Bear injures off-duty sheriff's deputy in Aspen

Wildlife officers searching for bear

ASPEN, Colo. - Aspen Police said a woman was injured by a bear at about 2 a.m. Sunday.

A half-hour earlier, the APD received a call that people were crowding around a large bear in an unsecured dumpster located in the same alley. An Aspen police officer responded and scared the bear away using his lights and sirens. He lost sight of the bear after it fled through the courtyard by St. Mary's Church.

The woman who was injured encountered what is believed to be the same bear. She was walking down the alley between Galena and Mill when the bear swiped at her. The bear made contact with the woman causing injuries to her abdomen and leg. She was treated and released.

She was identified by the Aspen Daily News ( ) as off-duty Pitkin County sheriff's deputy Erin Smiddy.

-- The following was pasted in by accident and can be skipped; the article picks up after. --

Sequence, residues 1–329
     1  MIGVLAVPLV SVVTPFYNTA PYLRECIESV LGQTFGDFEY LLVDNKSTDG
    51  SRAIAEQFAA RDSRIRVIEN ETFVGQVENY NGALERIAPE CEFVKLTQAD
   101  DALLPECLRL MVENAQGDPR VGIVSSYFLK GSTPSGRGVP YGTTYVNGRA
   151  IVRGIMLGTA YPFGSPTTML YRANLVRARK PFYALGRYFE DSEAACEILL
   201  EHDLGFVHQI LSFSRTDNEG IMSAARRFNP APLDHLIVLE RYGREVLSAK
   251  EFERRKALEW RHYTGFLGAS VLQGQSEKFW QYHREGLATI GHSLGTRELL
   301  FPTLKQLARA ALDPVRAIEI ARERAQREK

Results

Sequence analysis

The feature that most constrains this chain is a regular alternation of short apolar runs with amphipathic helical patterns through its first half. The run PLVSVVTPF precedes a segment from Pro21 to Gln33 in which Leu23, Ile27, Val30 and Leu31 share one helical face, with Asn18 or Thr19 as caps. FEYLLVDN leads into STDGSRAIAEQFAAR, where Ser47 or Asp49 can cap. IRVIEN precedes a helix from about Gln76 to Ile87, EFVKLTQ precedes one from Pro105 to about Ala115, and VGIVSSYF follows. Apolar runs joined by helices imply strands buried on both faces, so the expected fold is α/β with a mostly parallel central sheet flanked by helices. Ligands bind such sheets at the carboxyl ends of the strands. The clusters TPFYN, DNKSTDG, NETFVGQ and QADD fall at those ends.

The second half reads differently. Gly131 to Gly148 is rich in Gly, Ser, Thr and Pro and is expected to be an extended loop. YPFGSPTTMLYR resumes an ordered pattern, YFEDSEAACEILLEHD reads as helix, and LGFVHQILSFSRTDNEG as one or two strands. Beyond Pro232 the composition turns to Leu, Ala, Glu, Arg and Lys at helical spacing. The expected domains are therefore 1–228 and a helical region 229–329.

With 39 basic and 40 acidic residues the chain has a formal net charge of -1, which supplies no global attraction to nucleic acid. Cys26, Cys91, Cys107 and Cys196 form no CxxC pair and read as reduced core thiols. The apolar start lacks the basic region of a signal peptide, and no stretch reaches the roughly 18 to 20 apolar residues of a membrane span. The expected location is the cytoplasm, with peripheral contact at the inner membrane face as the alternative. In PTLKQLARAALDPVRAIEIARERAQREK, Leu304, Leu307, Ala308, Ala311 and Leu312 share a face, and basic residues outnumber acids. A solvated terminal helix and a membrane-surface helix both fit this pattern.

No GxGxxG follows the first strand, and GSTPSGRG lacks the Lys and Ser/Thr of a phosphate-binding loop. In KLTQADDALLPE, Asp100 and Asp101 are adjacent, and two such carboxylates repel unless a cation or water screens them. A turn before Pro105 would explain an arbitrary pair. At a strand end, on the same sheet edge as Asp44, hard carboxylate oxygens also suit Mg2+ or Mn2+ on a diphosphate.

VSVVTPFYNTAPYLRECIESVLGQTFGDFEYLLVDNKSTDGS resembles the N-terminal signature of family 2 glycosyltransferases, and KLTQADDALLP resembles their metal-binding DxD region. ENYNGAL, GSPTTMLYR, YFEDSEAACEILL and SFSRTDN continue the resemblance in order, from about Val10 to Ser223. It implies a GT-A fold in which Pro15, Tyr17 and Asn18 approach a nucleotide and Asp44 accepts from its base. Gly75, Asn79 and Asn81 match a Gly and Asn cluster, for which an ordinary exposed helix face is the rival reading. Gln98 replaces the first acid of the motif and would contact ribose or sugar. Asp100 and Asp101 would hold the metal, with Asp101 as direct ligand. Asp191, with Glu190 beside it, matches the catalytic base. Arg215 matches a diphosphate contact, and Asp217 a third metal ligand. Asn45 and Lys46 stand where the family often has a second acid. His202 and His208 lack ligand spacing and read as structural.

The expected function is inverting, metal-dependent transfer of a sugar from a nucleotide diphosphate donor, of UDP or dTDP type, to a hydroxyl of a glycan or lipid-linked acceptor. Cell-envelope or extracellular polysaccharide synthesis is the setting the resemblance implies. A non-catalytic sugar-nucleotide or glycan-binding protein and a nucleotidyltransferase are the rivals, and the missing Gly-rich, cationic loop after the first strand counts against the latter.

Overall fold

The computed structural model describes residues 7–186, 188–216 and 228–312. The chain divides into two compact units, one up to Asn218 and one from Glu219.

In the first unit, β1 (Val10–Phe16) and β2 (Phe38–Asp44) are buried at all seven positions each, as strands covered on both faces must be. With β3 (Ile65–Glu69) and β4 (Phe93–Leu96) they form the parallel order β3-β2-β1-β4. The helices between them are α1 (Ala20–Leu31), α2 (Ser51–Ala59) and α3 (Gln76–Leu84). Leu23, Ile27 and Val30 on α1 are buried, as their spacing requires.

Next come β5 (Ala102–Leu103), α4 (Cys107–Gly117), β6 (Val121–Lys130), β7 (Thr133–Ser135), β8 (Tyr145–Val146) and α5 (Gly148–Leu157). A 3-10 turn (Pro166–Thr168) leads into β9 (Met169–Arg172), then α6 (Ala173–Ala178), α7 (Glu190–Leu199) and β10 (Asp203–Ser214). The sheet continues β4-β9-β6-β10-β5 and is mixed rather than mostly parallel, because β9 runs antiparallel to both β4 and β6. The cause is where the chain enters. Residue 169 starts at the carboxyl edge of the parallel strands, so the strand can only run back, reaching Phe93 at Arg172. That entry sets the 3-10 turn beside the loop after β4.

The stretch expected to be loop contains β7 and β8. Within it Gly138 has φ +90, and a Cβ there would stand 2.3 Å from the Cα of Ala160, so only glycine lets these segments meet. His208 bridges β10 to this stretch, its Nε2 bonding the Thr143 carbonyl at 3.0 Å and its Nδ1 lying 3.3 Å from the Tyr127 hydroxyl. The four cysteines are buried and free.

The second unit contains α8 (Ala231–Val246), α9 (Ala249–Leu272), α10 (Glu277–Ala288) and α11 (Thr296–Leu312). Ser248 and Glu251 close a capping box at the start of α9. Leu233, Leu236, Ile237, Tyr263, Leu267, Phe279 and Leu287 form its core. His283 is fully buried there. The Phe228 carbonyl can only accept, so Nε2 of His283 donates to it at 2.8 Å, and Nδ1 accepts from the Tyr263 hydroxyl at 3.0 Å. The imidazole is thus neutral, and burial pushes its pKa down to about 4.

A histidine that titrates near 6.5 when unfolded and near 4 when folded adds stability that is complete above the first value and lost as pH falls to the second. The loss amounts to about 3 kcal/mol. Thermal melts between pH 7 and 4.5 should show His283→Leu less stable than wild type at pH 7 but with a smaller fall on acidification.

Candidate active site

Aspen Police contacted Colorado Parks and Wildlife (CPW) to alert them of the situation. Wildlife officers are currently attempting to locate the bear. The "three strikes" rule does not apply to bears that attack humans and if found and identified the bear could be euthanized.

In an effort to protect both people and bears, the Aspen Police would like to remind the public to be especially alert during bear season.

If walking through town at night walk in well-lit areas and try to avoid locations like alleys that may have bear attractants (dumpsters, grease traps from restaurants, etc.).

If you see a bear DO NOT approach it, keep moving and give the bear ample space. Although naturally docile, black bears can react unpredictably under stress from humans.

If you run into a bear unexpectedly back away slowly, make yourself appear larger by raising your hands and/or a jacket over your head and make loud noises. Black bears are known to false charge, so resist the urge to run as this may trigger a chase response from the bear.

Please protect yourself and keep the Aspen bears safe by being bear aware. Additional information about bear encounters can be found online at or by calling the Aspen bear hotline at 970-429-1768.

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